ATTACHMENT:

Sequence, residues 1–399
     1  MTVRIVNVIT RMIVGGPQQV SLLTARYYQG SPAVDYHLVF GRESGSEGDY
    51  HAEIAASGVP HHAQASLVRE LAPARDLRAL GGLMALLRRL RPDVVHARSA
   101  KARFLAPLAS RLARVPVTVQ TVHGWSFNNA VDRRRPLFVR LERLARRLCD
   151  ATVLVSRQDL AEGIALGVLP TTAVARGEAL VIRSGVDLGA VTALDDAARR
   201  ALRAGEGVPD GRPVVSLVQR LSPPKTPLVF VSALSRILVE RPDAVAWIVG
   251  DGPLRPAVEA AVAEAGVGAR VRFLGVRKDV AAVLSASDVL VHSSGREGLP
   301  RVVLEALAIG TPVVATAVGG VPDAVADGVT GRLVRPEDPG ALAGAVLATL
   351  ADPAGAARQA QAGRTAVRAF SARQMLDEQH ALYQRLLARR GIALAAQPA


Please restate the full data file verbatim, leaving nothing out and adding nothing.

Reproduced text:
Sequence, residues 1–399
     1  MTVRIVNVIT RMIVGGPQQV SLLTARYYQG SPAVDYHLVF GRESGSEGDY
    51  HAEIAASGVP HHAQASLVRE LAPARDLRAL GGLMALLRRL RPDVVHARSA
   101  KARFLAPLAS RLARVPVTVQ TVHGWSFNNA VDRRRPLFVR LERLARRLCD
   151  ATVLVSRQDL AEGIALGVLP TTAVARGEAL VIRSGVDLGA VTALDDAARR
   201  ALRAGEGVPD GRPVVSLVQR LSPPKTPLVF VSALSRILVE RPDAVAWIVG
   251  DGPLRPAVEA AVAEAGVGAR VRFLGVRKDV AAVLSASDVL VHSSGREGLP
   301  RVVLEALAIG TPVVATAVGG VPDAVADGVT GRLVRPEDPG ALAGAVLATL
   351  ADPAGAARQA QAGRTAVRAF SARQMLDEQH ALYQRLLARR GIALAAQPA